Photo by Mariah Wilson

“Pay what you can” counselling clinic opens in Calgary

By Shefali Rai, November 21 2019 —

Cultivate stands for exactly what it means. They are in the business of fostering meaningful relationships with their staff, encouraging their practicum students to grow and, most importantly, improving Calgary’s mental health resources. 

Joel and Jessy Roos were part of a private practice five years ago, but it was in 2016 that they branched out and rebranded to form Cultivate. As the directors of Cultivate, their vision is simple: provide Calgarians with a one-stop shop offering a range of reliable and effective mental health services. To make things more accessible, the Roos’ recently implemented a “pay what you can” option for their clients. 

Of course, there must be a catch. But as Jessy Roos enthusiastically admits, “There is none!” Jessy, the executive director at Cultivate, believes in preserving her clients’ dignity and trusting their honesty. Cultivate leaves it up to their clients to determine a fair and comfortable monetary amount for the counselling services they seek. 

According to the Psychologists’ Association of Alberta, the recommended rate for a 50-minute individual session is $200. While there are social agencies offering mental health supports, 2019 is the worst year yet for people who rely on these services. An enlightening CBC article features the CEO of Catholic Family Service (CFS) explaining the provincial and United Way funding budget cuts that are deeply affecting Calgarians. CFS has now “cancelled its eight-session subsidized counselling program and replaced it with a single session.” Even though this creative solution reduces wait-list times for people in dire and urgent need, one session seems like a band-aid solution. A single session simply isn’t enough to guide anyone toward long-term success and this is where Cultivate comes in. 

Once you reach out to Cultivate, you’ll find there are no session caps, no minimum imposed rates, no lengthy forms to prove your low-income status, no doctor-approved notes and most of all, no judgment. It may seem too good to be true and slightly naïve of a private practice to offer their services without a few hoops to jump through.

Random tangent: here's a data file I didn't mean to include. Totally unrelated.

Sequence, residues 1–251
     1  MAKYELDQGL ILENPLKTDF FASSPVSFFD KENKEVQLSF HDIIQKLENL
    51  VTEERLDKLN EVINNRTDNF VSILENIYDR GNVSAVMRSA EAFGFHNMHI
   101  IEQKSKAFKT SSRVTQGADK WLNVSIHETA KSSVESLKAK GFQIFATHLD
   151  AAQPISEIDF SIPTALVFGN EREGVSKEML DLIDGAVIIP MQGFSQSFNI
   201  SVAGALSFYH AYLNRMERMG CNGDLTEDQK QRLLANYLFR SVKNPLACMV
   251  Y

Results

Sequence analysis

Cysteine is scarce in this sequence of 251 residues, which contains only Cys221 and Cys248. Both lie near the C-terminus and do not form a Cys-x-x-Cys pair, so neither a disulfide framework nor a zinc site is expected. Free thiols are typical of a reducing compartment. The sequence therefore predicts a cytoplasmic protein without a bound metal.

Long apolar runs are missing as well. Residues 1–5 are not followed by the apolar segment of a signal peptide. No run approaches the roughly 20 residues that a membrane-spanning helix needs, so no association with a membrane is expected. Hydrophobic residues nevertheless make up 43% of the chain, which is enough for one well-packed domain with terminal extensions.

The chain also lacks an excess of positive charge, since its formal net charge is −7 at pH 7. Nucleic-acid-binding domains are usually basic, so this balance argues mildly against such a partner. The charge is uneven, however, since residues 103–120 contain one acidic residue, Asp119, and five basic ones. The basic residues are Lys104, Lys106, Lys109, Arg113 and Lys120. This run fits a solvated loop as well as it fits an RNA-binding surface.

But as Jessy states, “Cultivate doesn’t believe in asking their clients to prove all the layers of help they need.” $100 may be substantial to a low-income individual depending on other factors in their life and would likely be out of the comfortable price range for students overwhelmed by education loans. So far, Cultivate has been taken by surprise by the good-hearted nature of people willing to give as much as they possibly can for counselling services. 

This idea of giving clients the power to dictate the value of goods is not novel to Cultivate. Jessy reminisced about Cultivate’s “pay what you can” idea stemming from Radiohead’s In Rainbows experiment. In 2007, the famous English rock band experimented with a “pay what you wish” option for their new album, In Rainbows. Shockingly, when all accounts were tallied up, In Rainbows made more money than the band’s last album. Artists have been toying with this notion for years, but implementing this trend is definitely rare for a private counselling practice. 

Their innovation doesn’t end with their “pay what you can” service, but also extends to the type of services they offer. Cultivate provides traditional counselling, education services and assessments, as well as fascinating new techniques to help their clients grow. Joel, the clinical director of Cultivate, works specifically with Autism Spectrum Disorder, sex therapy and LGBTQ+ populations. Some of their other psychologists provide niche services using art therapy and even virtual reality (VR) therapy. Being students, the VR therapy might even come in handy to help regulate stress levels and anxiety. 

While “pay what you can” mental health services and unique counselling therapies are attractive to students, it might be worthwhile mentioning that Cultivate could also be your future employer. They are eager to supervise psychology and counselling practicum students in the hopes of diversifying and growing their practice to new heights. The only real struggle they face right now is the sheer volume of clients coming their way. With no drawbacks and an open-minded atmosphere at Cultivate, what is there to lose? Not our minds, that’s for sure.


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